With respect to insert materials, any suitable substance of adequate structural strength and resistance to interaction with the sample may be utilized. Inserts made of certain polyolefins have been successfully used with aqueous solutions since these materials have densities close to water. An example of a polyolefin used in solution in which the solvent was water is high-density polyethylene. The density of this substance is about 0.96 gin/cm. and it has considerable structural rigidity. The small density difference between the insert material and water results in only a small buoyant force on the insert. This, in combination with the inherent stiffness of the material, results in a structure which is self-supporting even when thinwalled and resists crushing, distortion and flow in high centrifugal force fields, for example, of the order of 23 0,000 Gs. Low-density polyethylene may also be used, although this material has a tendency to slow flow in very high G fields.
A material of greater density than water and which can Withstand extended riods of centrifugation without deforming, is polyethylene containing titanium dioxide pigment. The density of this material is about 0.5% greater than water. Another material which is denser than water and which exhibits adequate strength is phenolic-impregnated glass cloth. This material, although considerably more dense than Water, will not deform in centrifugal force fields produced at rotational speeds as high as 65,000 rpm. From the standpoint of chemical inertness however, polyolefins, such as, for example, polyethylene, polypropylene and polybutylene appear to be best. The inserts may be fabricated in any manner, as for example, by extrusion, injection molding, or vacuum-formmg.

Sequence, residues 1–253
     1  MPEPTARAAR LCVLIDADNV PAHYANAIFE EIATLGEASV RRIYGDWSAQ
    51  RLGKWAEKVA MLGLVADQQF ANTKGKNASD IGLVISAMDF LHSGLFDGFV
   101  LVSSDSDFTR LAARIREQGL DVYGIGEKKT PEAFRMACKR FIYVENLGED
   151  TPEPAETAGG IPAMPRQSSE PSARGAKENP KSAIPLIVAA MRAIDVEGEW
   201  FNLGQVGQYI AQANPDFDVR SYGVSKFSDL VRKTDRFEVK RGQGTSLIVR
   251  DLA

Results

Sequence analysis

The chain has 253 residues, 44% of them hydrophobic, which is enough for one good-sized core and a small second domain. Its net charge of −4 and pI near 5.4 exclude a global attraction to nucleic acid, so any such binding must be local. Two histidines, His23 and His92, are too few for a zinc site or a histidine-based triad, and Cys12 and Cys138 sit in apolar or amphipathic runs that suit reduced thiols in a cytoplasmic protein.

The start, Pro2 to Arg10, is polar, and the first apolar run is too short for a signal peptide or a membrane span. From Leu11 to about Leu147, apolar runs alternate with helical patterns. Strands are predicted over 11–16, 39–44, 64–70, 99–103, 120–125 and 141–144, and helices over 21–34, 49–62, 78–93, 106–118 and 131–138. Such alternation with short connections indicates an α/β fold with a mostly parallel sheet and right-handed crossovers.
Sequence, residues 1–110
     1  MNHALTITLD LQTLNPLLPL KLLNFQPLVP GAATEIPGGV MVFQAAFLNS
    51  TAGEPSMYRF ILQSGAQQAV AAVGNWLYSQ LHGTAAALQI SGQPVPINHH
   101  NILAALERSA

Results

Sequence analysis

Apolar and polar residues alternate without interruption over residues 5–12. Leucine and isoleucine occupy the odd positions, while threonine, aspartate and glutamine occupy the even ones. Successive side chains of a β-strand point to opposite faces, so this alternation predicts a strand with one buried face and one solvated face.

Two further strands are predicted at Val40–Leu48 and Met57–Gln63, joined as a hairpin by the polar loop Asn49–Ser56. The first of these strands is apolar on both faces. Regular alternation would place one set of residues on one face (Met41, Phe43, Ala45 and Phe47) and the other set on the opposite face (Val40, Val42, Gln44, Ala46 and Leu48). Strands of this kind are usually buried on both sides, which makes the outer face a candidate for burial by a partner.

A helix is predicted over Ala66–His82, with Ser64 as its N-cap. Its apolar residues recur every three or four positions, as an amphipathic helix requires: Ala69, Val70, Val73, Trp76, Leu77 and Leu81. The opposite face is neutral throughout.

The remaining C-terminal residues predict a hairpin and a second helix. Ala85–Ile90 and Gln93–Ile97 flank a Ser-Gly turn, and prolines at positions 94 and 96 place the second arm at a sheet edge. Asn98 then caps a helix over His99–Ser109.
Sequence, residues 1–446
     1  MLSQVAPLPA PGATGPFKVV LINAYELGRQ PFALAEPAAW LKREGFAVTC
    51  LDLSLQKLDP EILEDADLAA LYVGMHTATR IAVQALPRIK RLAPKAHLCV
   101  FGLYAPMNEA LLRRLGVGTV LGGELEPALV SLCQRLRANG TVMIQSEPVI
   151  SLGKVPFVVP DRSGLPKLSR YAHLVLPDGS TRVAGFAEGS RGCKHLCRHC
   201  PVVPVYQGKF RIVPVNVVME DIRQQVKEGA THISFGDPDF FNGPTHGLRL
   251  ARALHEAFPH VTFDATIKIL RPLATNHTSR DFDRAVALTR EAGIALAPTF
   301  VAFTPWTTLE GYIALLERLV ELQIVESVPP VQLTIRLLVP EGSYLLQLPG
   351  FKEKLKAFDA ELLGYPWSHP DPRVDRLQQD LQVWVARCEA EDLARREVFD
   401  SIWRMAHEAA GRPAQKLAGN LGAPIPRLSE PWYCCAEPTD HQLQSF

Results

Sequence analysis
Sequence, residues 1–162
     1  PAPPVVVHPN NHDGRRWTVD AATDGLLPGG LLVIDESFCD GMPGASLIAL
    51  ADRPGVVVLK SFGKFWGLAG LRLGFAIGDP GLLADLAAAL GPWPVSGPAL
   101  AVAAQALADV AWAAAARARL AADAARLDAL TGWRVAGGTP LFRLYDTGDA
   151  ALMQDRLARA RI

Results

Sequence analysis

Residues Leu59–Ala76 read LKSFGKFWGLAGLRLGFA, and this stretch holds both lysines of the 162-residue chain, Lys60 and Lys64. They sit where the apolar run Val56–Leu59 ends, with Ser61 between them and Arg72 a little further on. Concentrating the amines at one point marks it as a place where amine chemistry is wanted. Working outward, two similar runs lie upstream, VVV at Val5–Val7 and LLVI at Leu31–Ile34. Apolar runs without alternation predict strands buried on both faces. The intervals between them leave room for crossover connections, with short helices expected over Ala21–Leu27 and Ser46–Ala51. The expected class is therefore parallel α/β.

FIGS. 2B and 4 show an exemplary embodiment of the present invention in which an insert 60 is made in the form of a cylinder provided with a series of longitudinal, spaced, parallel through-passages 62. This type of insert may be made by molding, extrusion or by fusing together numerous low-density polyethylene tubes. In a typical cylindrically-shaped insert for utilization with a /s-inch diameter test tube, there is sufficient room for about 19 g -inch holes or 38 ;-inch holes.
To prevent interference between the upper portion of the insert and the depending flange 40- of the stem 28, a portion of the length of the rectangular insert, designated by the reference numeral 64, may be cut back as shown in FIGS. 1 and 3. With respect to the cylindrical insert 60, the stem flange 40 can be eliminated since the insert itself provides adequate support for the test tube. In addition, a small amount of clearance should be provided between the insert and the receptable wall to permit the insert to be introduced and removed with little effort. However, the clearance should be minimized so as not to create additional sedimentation spaces between the insert and the test tube wall.
With the aid of FIG. 1 of the drawings, the operation of the present invention will now be described. The receptacle, such as the test tube 24, is completely filled with a sample from which it is desired to separate or collect the suspended or dissolved particles. Assuming that the particles to be collected are denser than the medium in which they are suspended or dissolved, an insert with a density slightly less than the sample, that is, one which would not tend to centrifuge to the bottom of the tube, is utilized. A rectangular insert then will assume the position generally shown in FIG. 1 in which the lower edge of the cut back portion 64 of the insert abuts the lower edge of the depending flange 42. In the case of the cylindrical insert 60, it will move all the Way up and come in contact with the lower surface of the stem 28.